Last week, state Sen. Joyce Elliott and Rep. Vivian Flowers introduced Senate Bill 674, an important piece of legislation in the Arkansas Legislature that will help the state reckon with our shared history of racial violence.
Across the world, people recognize that ignoring the past will not put it to rest. Rather than futilely trying to bury the past, research shows that conflict-affected communities need to confront troubled histories in order to ultimately promote healing and reconciliation. Histories of violence and repression need to be officially acknowledged and remembered as part of such processes.
Gov. Asa Hutchinson recognizes the need, as he proclaimed in January 2020 that "if we all dedicate ourselves to the principles of truth, racial healing and transformation, we can all bring about the necessary changes in thinking and behavior that will propel this great state forward as a unified force where racial biases will become a thing of the past ... ."
SB674 is critical for answering the governor's call.
The centerpiece of the legislation is the creation of the Unify Arkansas Commission, which would be tasked with "promoting truth and reconciliation relating to incidents of documented extrajudicial, racial, religious, and political injustice and violence" that occurred throughout Arkansas' history as a foundation for promoting truth and reconciliation among us.
The commission would be led by a team selected by the governor and the Legislature.
The period from the 1860s to the 1950s is marked by widespread racial violence that most Arkansans don't know about, let alone have adequately addressed. Among other things, Dr. Guy Lancaster's "Bullets and Fire" counts 492 documented lynchings in Arkansas, the fourth highest number behind Mississippi, Georgia, and Louisiana.
Similar bodies have been established in dozens of countries around the world that have sought to address their own histories of violence. Perhaps most famous is the South African Truth and Reconciliation Commission (TRC), established in the mid-1990s to examine the country's apartheid era, a period of enforced racial segregation. The TRC's truth-telling effort is widely credited with helping the country balance competing justice demands and peacefully transition to all-race democracy.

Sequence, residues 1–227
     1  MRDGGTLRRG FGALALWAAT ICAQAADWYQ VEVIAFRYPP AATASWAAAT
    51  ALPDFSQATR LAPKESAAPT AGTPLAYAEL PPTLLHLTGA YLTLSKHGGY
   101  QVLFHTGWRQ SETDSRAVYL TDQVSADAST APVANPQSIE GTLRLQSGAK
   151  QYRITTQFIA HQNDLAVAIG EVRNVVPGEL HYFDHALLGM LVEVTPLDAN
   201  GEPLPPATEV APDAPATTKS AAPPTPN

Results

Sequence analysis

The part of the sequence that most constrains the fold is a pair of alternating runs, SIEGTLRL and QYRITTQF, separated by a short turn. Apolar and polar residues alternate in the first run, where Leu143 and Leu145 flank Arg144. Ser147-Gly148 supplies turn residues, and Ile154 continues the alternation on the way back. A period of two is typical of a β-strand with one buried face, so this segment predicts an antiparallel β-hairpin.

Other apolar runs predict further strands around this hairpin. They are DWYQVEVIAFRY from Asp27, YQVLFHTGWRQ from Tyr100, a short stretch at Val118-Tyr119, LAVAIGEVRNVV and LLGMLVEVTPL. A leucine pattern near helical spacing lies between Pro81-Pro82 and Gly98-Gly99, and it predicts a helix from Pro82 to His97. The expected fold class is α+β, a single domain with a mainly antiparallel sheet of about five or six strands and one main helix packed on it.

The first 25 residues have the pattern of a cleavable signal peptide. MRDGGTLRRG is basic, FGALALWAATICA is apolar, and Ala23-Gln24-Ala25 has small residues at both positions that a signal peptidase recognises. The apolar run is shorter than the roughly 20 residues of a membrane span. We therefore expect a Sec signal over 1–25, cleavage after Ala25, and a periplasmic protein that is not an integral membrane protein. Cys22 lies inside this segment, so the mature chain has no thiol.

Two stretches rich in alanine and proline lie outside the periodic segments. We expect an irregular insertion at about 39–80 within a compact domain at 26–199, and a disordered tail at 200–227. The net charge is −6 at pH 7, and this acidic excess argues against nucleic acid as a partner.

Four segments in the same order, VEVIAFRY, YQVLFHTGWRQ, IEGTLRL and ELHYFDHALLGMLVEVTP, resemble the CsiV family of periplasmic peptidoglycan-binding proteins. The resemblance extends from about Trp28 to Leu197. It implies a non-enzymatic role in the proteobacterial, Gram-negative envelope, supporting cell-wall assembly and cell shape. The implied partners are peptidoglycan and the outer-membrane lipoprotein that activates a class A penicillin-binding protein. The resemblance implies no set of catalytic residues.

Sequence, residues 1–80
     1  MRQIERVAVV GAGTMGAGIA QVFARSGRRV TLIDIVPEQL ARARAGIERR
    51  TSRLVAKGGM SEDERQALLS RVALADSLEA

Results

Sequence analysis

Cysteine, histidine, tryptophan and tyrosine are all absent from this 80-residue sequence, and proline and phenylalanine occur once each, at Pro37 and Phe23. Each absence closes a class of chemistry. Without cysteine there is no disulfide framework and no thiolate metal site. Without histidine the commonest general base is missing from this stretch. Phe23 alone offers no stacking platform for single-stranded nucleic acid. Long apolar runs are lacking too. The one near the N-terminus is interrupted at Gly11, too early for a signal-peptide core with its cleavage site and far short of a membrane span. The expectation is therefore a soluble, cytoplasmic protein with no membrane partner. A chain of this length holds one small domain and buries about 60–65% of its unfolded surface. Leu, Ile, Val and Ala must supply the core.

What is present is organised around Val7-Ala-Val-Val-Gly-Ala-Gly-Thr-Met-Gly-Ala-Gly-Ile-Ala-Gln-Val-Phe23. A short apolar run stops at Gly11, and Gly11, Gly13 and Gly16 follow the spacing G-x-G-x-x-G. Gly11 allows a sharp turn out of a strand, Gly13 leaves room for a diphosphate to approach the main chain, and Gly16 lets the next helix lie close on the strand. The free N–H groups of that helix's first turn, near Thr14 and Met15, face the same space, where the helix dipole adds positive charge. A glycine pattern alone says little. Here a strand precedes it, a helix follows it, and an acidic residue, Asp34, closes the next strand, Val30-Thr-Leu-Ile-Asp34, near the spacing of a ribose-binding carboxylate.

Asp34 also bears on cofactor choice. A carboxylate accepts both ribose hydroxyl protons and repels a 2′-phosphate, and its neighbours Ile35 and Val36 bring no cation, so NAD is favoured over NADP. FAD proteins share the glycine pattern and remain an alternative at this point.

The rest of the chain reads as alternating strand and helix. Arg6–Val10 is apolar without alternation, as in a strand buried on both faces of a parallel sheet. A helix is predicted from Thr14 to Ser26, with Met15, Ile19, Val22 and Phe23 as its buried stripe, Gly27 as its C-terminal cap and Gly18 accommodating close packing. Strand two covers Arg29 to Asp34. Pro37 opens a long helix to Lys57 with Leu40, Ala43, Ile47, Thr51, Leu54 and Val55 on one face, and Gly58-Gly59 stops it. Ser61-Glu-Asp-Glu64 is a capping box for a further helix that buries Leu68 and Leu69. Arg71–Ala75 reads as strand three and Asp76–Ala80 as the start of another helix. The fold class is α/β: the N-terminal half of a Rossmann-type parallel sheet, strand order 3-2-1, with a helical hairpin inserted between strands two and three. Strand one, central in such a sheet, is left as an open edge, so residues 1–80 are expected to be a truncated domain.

Even in the U.S., we have a long history of using similar types of official bodies to help heal racial divisions. In the 1980s, a national commission examined the World War II-era internment and relocation of Japanese Americans. Maine established a commission to address the state's decades-long practice of forcibly removing children from Native American families in favor of white foster parents.
A similar body to what is in Senator Elliott's proposal is currently underway in Maryland, and several municipalities-- including Boston, Iowa City, New York, Philadelphia, and San Francisco--are debating or have already established their own truth commissions.
Furthermore, the legislation provides a mechanism through which the commission can recommend exoneration or other reparative measures for individuals who have been the victims of historical incidences of injustice or violence based upon race, religion, or political beliefs. This includes "the full posthumous exoneration of all 122 Black Arkansans who were wrongfully convicted of various crimes" in the aftermath of the 1919 Elaine Race Massacre.
SB674 contains additional provisions designed to encourage reconciliation and promote the mantra of "never again" by ensuring the past is not forgotten. For example, it would officially commemorate the National Day of Racial Healing in Arkansas, something Governor Hutchinson has led the nation on over the last two years.
In addition, the bill would introduce Elaine Remembrance Week, the first week of October, as official state memorial days. It also would promote healing by incorporating knowledge uncovered by the commission into the public school curriculum.
Finally, recognizing that patterns of violence vary considerably across Arkansas, the legislation would support the establishment of Community Remembrance Committees at the local level. These bodies can be effective in promoting awareness and understanding in communities around the state, much as the architects of the city-level initiatives mentioned above envision.
In short, the Legislature is considering several important pieces of legislation that will influence the promotion of knowledge and understanding across racial, ethnic, and religious divides in Arkansas.
To advance racial healing, call your representatives in the Arkansas Legislature and ask them to support SB674.
Eric Wiebelhaus-Brahm is an associate professor at the University of Arkansas at Little Rock; Clarice Abdul-Bey is co-director of Washitaw Foothills Youth Media Arts and Literacy Collective; Kwami Abdul-Bey is co-convenor of the Arkansas Peace and Justice Memorial Movement; and Donald Wood is the executive director of Just Communities of Arkansas.